Initialization test

John Keiser jkeiser at
Wed Oct 28 09:09:57 PST 1998

     You mean static initializer is not supposed to be called before static
fields and methods are accessed?  Frankly, I don't believe you.  That makes
so little sense it is ludicrous.  You would be accessing uninitialized
variables.  The spec says that that can happen in pathological cases (mostly
involving circular references from static initializers, in my experience),
but not in normal ones.
     Please give a reference to the spec you're talking about, Artur.  As
far as I can tell, several of your examples are wrong.  Have you tested this
with Sun's?  I'd be shocked if the Sun VM passed all these tests.  They
would be in violation of the JLS.
     Here are the initialization rules as I read them, reading from both
examples and text in JLS 12.4.1: static initializers should be called when
any constructor or method (static or otherwise) in the class is invoked, or
when a non-constant variable (static or otherwise) that is *not* constant is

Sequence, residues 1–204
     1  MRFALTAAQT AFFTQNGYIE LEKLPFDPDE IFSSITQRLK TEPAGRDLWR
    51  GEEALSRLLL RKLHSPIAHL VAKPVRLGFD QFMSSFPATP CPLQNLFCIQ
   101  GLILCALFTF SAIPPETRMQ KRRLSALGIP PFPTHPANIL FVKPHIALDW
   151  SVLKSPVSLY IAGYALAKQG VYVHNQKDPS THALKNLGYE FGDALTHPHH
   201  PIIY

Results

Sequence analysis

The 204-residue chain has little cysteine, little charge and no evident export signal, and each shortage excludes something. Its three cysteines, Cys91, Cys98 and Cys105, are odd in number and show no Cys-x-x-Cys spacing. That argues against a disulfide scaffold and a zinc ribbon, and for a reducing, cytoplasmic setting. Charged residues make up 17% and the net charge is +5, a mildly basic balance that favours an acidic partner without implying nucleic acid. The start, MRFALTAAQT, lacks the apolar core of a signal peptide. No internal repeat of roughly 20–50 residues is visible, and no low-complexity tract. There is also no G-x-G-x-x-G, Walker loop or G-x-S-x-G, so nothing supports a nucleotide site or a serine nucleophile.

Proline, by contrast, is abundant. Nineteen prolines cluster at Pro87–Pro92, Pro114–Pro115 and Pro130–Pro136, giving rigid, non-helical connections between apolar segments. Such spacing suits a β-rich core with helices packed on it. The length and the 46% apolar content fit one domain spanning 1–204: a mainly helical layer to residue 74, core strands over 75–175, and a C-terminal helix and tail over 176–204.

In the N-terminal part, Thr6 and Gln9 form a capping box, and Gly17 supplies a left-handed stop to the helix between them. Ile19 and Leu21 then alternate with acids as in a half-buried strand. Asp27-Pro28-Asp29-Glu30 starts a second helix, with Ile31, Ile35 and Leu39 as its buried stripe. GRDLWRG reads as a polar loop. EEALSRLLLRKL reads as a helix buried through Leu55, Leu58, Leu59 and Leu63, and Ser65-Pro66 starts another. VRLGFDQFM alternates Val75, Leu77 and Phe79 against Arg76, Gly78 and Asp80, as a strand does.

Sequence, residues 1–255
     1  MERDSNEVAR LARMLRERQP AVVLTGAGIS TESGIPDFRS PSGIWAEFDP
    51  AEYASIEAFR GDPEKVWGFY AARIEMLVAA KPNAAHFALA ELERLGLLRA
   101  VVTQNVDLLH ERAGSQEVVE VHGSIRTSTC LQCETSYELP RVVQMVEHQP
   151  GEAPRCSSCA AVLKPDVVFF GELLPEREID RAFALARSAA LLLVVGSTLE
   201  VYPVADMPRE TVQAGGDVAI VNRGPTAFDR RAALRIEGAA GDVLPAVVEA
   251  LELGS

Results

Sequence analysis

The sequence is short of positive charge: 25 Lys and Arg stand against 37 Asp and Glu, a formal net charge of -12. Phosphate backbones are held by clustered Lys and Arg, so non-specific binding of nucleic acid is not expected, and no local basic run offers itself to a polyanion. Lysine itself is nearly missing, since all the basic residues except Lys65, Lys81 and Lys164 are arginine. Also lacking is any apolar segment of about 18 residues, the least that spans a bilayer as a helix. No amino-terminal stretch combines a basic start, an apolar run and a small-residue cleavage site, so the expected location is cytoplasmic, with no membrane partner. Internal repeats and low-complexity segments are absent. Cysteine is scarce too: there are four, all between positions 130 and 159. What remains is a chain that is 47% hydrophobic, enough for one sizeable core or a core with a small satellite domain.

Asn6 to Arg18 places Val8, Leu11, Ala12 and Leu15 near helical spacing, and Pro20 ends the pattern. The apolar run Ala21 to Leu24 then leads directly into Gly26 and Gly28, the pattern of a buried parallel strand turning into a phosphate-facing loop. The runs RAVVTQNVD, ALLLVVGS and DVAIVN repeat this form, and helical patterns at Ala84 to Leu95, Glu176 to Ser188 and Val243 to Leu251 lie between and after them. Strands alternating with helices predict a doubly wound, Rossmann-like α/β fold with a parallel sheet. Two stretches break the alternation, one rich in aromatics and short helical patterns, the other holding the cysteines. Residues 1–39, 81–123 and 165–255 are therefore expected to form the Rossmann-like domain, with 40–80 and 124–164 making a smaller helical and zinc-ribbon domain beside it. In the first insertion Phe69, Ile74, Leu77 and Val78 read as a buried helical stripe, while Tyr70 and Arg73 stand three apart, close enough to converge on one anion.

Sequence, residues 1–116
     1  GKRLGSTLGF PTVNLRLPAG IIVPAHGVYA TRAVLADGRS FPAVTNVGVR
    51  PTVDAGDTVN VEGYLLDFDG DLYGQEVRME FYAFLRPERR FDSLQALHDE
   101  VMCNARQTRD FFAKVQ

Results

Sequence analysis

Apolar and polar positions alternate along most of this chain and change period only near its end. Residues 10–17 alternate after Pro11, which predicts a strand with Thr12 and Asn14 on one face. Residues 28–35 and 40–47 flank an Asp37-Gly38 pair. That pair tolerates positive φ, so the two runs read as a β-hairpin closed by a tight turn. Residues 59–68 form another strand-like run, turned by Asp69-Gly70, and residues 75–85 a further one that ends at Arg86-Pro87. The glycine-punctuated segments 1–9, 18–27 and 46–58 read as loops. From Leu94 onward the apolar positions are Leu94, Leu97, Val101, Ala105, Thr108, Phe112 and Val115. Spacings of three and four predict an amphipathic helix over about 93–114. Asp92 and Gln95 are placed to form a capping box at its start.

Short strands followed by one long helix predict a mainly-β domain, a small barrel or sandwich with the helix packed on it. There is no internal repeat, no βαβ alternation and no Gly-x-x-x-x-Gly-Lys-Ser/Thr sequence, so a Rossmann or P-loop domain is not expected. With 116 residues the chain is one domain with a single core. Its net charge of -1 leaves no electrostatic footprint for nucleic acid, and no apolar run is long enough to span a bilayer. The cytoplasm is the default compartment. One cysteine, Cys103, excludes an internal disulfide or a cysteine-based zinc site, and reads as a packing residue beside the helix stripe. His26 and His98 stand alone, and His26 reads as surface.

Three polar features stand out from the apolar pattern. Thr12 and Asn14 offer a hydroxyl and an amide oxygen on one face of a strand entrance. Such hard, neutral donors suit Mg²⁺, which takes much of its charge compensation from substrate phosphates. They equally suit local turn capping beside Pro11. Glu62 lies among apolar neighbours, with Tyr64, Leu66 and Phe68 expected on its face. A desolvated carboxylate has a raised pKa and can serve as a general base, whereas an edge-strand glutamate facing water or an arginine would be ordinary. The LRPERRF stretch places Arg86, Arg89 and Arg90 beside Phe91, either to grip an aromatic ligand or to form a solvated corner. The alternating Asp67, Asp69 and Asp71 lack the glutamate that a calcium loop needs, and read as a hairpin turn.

used.  By constant, it means final, static, and initialized from the pool of
compile-time constants.  There is some reason that makes it so that this
variable will *always* have its initialized value and not the uninitialized

     As to your tests:

     Class1 - static field access - This should *not* fail.  The accessed
field is not constant.
     Class2 - static field and method access - You are correct, this won't
fail.  I must ask, though, why you think that if both Class1 and Class3
should not cause initialization, that Class2 should.
     Class3 - static method access - This should *not* fail.  A method is
     Class4 - compile-time constant field access - You are correct, this
*should* fail.  access to fields initialized with a compile-time constant
will not cause initialization.  This is the most useful test here and
probably should be included in various test suites.

     The rules of class initialization are not all that vague.  You just
need to read through both examples and text to get the full understanding.

--John Keiser

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